With the help of breath taking technological advancements, the majority of our communications are conducted online. That is why encryption techniques are more important than ever. Keep reading to learn more about encryption techniques and identity based encryption.
We use electronic communications very often in this day and age. We send files, videos, pictures for business or communication purposes. We use online services like social networks and messenger apps for keeping in touch. We send millions of e-mails, download tons of data. As a result, we put ourselves in a very vulnerable position. Hackers, cyber criminals or attackers can do us harm if they get a hold of our electronic communications. That is why we use multiple cryptography solutions to ensure the safety and integrity of our communications.
Being one of the most popular encryption methods, Identity Based Encryption offers a thorough protection for both individuals and organizations. In this article, we will take a closer look at what identity based encryption is and why it is necessary for your safety.
What is identity based encryption?
Identity based encryption is a scheme of a public key ecosystem. In this ecosystem, any string is considered as a valid public key. Which means, information such as e-mail addresses or even dates can be public keys. This way, if the sender of an e-mail has access to the public parametres of a system, they can encrypt the message using a text value like the e-mail address of the intended receiver of the message.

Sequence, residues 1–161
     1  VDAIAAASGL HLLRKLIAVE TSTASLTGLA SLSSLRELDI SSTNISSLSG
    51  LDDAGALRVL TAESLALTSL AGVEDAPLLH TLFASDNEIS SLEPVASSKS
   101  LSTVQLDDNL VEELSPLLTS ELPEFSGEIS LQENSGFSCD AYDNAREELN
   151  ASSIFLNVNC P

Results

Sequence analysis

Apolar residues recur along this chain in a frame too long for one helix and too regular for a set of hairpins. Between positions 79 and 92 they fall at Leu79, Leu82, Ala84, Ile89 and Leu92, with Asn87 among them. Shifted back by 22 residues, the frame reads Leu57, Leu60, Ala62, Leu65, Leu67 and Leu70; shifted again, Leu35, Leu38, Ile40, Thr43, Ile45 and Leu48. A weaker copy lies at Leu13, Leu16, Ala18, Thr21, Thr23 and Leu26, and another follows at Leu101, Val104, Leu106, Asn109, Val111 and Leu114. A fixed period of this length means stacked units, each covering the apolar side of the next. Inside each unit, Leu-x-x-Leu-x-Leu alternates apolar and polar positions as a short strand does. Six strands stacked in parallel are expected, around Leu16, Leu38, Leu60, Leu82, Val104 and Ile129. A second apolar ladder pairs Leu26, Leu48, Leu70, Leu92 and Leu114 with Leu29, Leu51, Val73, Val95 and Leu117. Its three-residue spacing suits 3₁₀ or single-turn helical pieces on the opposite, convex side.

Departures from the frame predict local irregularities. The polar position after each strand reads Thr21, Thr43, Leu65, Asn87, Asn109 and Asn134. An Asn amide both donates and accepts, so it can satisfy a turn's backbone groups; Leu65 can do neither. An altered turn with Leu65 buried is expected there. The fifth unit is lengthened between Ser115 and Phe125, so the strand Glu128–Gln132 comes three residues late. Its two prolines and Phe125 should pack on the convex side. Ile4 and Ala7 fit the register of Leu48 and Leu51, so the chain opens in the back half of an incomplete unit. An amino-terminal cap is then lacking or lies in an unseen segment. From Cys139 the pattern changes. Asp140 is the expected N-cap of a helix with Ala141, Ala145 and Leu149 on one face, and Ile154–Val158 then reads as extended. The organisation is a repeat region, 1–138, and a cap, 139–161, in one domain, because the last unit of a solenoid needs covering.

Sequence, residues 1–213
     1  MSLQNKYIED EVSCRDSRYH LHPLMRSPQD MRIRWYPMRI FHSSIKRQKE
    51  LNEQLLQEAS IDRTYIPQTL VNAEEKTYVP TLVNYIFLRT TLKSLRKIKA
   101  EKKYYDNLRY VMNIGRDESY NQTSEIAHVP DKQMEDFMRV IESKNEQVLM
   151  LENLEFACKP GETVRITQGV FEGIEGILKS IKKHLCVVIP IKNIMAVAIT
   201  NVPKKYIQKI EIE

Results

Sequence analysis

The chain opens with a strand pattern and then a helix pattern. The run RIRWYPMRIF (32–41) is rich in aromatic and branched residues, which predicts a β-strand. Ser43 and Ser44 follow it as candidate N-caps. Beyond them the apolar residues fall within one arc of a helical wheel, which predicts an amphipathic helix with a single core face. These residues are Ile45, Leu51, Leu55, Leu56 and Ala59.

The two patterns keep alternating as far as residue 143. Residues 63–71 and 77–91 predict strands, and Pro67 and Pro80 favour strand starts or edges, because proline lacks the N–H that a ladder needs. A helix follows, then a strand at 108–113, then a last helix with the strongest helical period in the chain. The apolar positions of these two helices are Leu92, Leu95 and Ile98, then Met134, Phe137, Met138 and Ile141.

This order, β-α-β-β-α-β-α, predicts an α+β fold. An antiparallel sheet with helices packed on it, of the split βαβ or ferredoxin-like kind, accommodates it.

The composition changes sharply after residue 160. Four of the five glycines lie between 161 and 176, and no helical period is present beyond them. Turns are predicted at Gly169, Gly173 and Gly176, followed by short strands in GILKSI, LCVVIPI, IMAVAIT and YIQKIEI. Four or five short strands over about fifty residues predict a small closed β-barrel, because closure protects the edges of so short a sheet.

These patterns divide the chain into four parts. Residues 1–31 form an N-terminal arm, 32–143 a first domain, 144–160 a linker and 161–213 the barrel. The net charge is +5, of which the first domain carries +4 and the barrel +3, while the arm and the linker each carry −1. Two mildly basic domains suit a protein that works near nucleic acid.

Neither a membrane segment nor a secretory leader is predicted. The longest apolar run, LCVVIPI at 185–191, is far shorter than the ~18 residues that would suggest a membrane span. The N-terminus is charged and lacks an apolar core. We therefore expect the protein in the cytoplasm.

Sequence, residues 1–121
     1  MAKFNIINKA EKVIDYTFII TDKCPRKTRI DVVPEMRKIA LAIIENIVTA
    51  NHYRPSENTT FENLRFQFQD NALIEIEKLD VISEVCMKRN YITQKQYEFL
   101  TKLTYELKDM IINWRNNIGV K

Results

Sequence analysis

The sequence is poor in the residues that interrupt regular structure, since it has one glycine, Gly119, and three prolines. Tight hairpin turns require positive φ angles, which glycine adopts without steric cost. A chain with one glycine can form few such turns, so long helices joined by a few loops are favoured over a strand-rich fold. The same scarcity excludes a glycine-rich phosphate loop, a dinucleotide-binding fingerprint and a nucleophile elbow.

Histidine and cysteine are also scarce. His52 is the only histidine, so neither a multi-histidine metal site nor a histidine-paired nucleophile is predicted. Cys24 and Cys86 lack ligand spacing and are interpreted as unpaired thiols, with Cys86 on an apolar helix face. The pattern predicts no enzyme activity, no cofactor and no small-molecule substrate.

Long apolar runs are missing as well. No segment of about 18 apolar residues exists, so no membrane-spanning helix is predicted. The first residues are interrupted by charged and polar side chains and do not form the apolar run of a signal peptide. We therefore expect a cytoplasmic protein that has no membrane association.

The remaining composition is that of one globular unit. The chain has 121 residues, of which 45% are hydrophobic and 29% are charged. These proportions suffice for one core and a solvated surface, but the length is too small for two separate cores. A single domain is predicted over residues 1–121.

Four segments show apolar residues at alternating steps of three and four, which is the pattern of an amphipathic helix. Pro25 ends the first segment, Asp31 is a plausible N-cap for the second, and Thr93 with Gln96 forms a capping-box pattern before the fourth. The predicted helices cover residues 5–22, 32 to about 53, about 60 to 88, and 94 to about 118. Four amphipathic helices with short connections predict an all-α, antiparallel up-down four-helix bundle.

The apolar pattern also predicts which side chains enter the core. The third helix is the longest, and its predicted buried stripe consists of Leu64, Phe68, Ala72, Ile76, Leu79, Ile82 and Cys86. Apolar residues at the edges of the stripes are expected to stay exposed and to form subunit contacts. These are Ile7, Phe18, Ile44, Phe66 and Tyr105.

Identity based encryption is often considered as a significant primordial version of ID-based cryptography. Moreover, it is also a sub-type of public-key encryption.
ID-based encryption was first introduced by Adi Shamir in the early 80s. He first offered identity-based signatures as a method of encryption yet he was not able to offer a solution for the identity-based encryption problem. It was only in 2001 that a unique pairing of Boneh-Franklin scheme and Cocks’s encryption scheme was able to solve the issue posed by the identity based encryption.
How does the identity based encryption work?
Identity based encryption has a rather very straightforward working principle. It allows both the sender and receiver to generate a public key from a text value based on a known identity. For the identity based encryption to work, a trusted third party is needed. This third party is also called as the Private Key Generator and as its name suggests, it creates private keys.
Firstly, the Private Key Generator generates a master publish key and keeps a corresponding master private key (also known as the master key). Then, sender and receivers can compute a public key that corresponds to the identity through bringing the identity value and the master key together. In order to get a hold of the corresponding private key, the authorized party needs to contact the Private Key Generator.
This system allows the parties to encrypt their messages or verify each other’s signatures without needing a distribution of keys prior to sending the intended message.
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